ArcGIS Online

Visualize your attachments in ArcGIS Online with Arcade

Like any other piece of information, your attachments play a key role in providing context and understanding when you or others explore your data.  Up until now, that additional understanding has been focused around viewing your attachments when browsing your data. But what if you could do a little bit more, and ask a few additional questions about what’s really going on with those attachments? Questions like:

Answering these questions is now a bit easier in ArcGIS Online, thanks to Arcade and Field Calculate. The latest release of ArcGIS Online gives you the ability to work with information related to a feature’s attachments.  By using the Attachment() function, you can gain access to various attachment properties, allowing you to calculate new field values based on those properties.


Get the number of attachments

Getting the total number of attachments per feature comes in handy when trying to identify what assets might be missing visual information, such as photos to support asset condition surveys.  The fastest way to get this information is to chain the new Attachments() function with the Count() function.

//returns the number of attachments per feature

Because you are calculating this information to a field, you can than render your map or filter your features based on the new value. This lets you do something that resembles the map below.

Identify features with attachments based on a condition

After getting the number of attachments, you can build in more complexity as required.  For example, what if you only wanted to identify features that have 0 attachments AND have a status of Inspected.  Your expression might look something like this:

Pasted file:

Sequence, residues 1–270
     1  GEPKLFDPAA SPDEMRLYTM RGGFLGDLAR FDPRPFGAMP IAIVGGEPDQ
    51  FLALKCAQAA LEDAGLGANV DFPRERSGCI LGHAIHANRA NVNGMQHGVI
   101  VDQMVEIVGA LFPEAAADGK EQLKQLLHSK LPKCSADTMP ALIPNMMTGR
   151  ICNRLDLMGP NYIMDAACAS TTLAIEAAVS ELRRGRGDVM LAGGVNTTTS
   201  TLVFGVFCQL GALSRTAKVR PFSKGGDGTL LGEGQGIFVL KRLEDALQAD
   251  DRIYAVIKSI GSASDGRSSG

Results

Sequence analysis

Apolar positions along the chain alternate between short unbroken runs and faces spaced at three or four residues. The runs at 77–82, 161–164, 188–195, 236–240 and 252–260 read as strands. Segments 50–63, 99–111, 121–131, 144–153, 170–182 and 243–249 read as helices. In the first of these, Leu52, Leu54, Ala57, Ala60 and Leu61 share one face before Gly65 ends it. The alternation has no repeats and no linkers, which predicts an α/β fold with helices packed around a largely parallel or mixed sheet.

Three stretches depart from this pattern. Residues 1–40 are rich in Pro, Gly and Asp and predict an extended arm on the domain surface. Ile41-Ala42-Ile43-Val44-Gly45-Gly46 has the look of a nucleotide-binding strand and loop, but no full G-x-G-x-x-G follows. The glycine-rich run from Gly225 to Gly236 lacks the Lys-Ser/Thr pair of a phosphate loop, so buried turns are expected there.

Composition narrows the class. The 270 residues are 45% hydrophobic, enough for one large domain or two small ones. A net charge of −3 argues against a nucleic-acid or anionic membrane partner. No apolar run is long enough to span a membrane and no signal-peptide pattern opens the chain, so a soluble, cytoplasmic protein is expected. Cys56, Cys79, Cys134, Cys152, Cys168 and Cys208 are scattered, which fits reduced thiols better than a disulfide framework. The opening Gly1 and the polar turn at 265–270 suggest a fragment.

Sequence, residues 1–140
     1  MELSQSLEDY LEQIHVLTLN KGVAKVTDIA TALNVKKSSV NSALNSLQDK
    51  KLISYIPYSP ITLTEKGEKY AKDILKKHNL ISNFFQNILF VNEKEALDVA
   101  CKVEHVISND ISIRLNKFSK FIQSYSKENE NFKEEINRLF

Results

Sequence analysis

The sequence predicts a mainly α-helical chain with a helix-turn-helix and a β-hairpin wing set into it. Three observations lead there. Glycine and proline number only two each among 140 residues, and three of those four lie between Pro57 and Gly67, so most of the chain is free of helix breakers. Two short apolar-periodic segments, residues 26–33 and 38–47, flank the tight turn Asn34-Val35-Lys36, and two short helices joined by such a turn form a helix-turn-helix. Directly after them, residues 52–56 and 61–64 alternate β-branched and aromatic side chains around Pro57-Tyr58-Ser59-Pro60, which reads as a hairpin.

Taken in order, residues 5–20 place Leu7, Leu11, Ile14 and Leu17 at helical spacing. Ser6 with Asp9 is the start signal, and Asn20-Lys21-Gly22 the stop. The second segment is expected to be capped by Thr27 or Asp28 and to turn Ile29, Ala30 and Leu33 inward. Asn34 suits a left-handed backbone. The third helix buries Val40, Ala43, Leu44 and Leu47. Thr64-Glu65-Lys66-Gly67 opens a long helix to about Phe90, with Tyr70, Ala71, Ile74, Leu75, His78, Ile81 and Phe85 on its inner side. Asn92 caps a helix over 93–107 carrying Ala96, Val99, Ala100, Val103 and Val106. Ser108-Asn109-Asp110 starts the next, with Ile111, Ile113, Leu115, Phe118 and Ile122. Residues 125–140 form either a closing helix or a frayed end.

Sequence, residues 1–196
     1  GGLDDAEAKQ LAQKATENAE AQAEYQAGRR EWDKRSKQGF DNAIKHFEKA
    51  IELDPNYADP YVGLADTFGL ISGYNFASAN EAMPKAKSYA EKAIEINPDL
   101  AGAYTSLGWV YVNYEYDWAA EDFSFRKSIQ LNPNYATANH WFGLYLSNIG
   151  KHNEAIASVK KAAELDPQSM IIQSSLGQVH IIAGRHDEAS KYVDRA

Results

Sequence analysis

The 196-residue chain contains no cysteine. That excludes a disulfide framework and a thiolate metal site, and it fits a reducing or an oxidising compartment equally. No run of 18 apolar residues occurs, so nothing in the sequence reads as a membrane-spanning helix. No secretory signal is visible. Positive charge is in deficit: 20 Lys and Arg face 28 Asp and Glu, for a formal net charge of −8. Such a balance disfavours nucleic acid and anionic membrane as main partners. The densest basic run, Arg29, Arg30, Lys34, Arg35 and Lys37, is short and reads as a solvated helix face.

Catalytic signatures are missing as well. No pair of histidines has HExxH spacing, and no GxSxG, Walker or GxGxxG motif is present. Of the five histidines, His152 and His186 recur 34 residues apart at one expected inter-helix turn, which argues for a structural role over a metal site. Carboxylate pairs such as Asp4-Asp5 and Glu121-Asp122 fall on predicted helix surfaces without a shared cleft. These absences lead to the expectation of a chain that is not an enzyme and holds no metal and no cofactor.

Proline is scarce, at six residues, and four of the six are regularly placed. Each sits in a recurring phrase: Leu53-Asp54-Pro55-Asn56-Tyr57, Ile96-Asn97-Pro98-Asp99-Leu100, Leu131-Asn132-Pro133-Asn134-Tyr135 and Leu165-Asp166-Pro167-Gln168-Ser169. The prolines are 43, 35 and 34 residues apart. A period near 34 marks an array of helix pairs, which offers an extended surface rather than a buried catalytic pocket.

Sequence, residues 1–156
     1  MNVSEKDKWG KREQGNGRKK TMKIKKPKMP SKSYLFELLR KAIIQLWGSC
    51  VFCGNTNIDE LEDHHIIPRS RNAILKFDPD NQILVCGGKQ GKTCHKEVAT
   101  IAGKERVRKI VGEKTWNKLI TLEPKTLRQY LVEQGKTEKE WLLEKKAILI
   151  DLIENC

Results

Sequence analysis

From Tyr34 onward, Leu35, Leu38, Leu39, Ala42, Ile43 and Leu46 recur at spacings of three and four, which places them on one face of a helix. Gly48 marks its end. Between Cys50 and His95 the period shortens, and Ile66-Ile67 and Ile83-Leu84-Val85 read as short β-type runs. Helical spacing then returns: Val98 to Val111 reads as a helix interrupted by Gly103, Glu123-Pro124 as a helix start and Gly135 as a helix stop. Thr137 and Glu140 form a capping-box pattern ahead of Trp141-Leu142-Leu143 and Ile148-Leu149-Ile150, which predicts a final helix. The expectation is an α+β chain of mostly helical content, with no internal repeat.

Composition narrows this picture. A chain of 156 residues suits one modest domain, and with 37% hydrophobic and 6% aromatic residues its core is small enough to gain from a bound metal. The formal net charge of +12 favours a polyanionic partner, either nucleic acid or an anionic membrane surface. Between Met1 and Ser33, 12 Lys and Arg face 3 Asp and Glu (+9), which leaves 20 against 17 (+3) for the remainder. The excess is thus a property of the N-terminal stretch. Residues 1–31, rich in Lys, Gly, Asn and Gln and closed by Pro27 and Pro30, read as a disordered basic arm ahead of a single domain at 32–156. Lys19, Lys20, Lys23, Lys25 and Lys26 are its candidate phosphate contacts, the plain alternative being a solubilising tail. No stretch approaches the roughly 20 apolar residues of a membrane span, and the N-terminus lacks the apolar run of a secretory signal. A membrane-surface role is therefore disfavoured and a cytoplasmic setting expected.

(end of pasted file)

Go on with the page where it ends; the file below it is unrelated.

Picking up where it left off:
// Is status = Inspected, and does the feature have attachments
If ($feature.status == 'Inspected')  {
  If(Count(Attachments($feature)) > 0) {
      // if count is greater than zero there are attachments
      return 'Inspection Complete'
  } else {
      // otherwise the feature has been inspected but missing photos
      return 'Incomplete inspection (photos are missing)'
} else {
  return 'Not Applicable'

Find a specific file within your feature’s attachments

With this new information, you can send your field crew back out with a focused objective to collect photos for the missing assets.

You can also dive in and get information about one or more specific attachments by accessing the properties of the Attachment data type. That additional information might be useful if you’re trying to understand something like your attachments and their size or type. Maybe you’re interested in finding a specific attachment by a well-known file name.  Diving deeper could let you quickly audit your buildings/properties and make sure they all have an as-built plan attached to them based on your organization’s naming conventions.

That would look roughly like:

var attachmentOptions = {"types":["application/pdf"]}
var pdfAttachments = Attachments($feature,attachmentOptions)
var hasAsBuilt = 0 

// Make sure there are attachments before trying to get the properties
If (!isEmpty(pdfAttachments)) {
    for (var a in pdfAttachments) {
            //look for the specific file name
            if (pdfAttachments[a].name == 'As Built.pdf') {
                hasAsBuilt = 1                

// Check the value and return a human readable string
If (hasAsBuilt == 1) { 
    return "Site has as-built plans"
} else {
    return "Site is missing as-built plans"

It’s important to remember that like most things in Arcade, you are responsible for checking for nulls. Without checking for no attachments in this scenario, you will end up with errors (on features with no attachments) evaluating the expression.


Parting thoughts

I hope the examples above are enough to get you thinking about how you can use the new Attachments() function to do more with your data. I’ll leave you with a couple of reminders before you dive in:

Stay tuned for future releases as we continue to optimize performance with field calculate and Arcade, and be sure to head over to the Arcade documentation to learn more.

About the author

Product Engineer for ArcGIS Online and technology enthusiast.


Next Article

What's new in ArcGIS Maps for Adobe Creative Cloud (June 2024)

Read this article